Apprentice was the lowest rank in the crafthalls. Apprentices left their homes to live in their crafthall, where they took classes and performed chores.


Apprenticeships typically began around age twelve, when a prospect left their home and came to a crafthall for education. While specifics of apprenticeship varied by crafthall, all apprentices were assigned to a Master craftsman, who oversaw their education in the craft. Journeymen who worked under a Master would also assist in teaching. In addition to being educated in their craft, apprentices often performed chores or other odd duties, such as message running, at the request and discretion of their master. Apprentices were typically grouped together for sleeping and eating. Apprentices who had approval could sell their creations at Gathers for pocket money, though apprentices would also occasionally sell unapproved items in secret. When Apprentices broke rules, they could be disciplined by both Masters and Journeymen. Putting an apprentice on water rations was one such punishment, though others existed depending on the situation.

After a specified time period, the apprentice would be promoted to journeyman, which allowed them to begin practicing their craft independently. The time as an apprentice varied by craft, but could be lengthened or shortened based on the apprentice's skill. An Apprentice could change crafts, but needed the permission of their current Master.

Apprenticeships by Craft


In the Fishercraft, apprentices start out as cabin boys or lure tiers. On fishing boats, apprentices will perform basic tasks such as tying lures, repairing nets, and polishing wood and metal surfaces. On smaller skiffs, apprentices are taught by journeymen on how to handle the equipment and use various types of nets. They are also taught to copy maps.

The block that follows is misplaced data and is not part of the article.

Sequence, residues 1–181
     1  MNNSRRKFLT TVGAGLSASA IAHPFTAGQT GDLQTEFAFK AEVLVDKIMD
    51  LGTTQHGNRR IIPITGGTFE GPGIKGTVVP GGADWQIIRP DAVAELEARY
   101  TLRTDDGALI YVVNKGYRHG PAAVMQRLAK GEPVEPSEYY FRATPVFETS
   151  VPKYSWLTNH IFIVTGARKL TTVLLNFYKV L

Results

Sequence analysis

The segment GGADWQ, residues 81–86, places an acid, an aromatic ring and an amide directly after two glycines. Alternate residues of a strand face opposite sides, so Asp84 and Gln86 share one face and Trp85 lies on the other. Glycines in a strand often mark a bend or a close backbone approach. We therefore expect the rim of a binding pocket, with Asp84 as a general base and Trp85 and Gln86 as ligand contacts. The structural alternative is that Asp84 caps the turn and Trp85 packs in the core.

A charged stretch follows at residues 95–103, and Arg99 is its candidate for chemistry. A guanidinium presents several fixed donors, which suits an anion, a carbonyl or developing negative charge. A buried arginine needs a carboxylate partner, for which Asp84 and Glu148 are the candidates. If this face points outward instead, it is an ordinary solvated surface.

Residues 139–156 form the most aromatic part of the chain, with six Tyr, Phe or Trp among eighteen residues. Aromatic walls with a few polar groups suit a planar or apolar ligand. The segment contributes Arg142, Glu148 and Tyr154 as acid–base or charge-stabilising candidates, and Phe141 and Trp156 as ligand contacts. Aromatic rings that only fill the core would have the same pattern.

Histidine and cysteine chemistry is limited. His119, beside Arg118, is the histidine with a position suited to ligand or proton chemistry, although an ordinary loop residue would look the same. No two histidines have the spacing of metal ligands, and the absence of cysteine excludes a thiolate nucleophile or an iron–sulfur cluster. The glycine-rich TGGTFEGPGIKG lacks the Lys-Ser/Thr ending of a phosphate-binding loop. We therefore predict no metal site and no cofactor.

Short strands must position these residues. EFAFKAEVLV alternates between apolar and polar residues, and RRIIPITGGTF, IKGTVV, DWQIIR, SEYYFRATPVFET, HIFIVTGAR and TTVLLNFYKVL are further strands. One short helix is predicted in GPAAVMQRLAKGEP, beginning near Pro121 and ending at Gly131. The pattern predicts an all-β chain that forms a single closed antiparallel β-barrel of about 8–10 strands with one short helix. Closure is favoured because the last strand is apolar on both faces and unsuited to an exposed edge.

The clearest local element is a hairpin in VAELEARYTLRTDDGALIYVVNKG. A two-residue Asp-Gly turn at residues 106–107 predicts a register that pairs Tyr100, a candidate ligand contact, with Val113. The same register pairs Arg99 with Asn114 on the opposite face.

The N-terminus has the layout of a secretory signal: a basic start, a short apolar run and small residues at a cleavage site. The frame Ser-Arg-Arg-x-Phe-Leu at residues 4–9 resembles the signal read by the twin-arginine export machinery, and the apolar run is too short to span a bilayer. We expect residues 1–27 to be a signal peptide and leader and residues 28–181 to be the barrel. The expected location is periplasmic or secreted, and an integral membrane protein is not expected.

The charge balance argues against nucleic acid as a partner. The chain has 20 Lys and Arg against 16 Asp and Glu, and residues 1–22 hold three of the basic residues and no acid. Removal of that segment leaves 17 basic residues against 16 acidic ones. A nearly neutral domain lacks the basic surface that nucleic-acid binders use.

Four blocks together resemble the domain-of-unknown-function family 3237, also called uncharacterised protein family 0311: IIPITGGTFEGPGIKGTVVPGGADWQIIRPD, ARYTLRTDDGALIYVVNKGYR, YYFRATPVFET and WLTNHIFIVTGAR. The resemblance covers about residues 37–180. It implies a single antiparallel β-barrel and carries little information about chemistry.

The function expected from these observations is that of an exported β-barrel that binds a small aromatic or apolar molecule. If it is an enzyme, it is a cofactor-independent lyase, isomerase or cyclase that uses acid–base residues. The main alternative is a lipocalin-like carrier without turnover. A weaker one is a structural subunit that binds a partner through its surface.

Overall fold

In the Glasscraft, apprentices are taught the basics of glassblowing and ceramics. Apprentice made glass has a distinct light green tint to it, which differentiates it from journeyman produced glass. This color resulted from impurities in the glass.


Healercraft apprentices learn on the job, and most are taught basic skills in the regional halls across Pern. Apprentices often take up midwifery, a much needed skill across Pern.


In the Harper Hall, apprentices begin with a general education in all aspects of the Harpercraft: voice, instrument making, composition and writing, and chorale singing. They must also demonstrate proficiency in playing a non-percussion instrument. Apprentices with a particular aptitude may be apprenticed to the Master of that specialty.

The Harper Hall also had a tradition known as "walking the tables", which marked the promotion to journeyman: they were escorted from the apprentice tables to the journeyman tables by other journeymen.


The Smithcraft was notable for having one of the longest apprenticeship periods of all Pern. Apprentices often spend time working bellows for metalcrafting, sorting ore, or other simple tasks such as extruding wire.


Apprentices in the Tannercraft are expected to cure hides in their homes. Sure-handeded apprentices are also expected regrind knives and tools. While the Tannercraft trains many Pernese in the basics of tanning, only formal apprentices learn certain techniques deemed craft secrets.


In the winecraft, apprentices primarily handle much of the preparation of the grapes. Apprentices are responsible for transporting the grapes to the hall and sorting them. Some apprentices will help press the grapes into juice, as a punitive duty. Another punitive duty is for apprentices to transport unsuitable grapes into bins.

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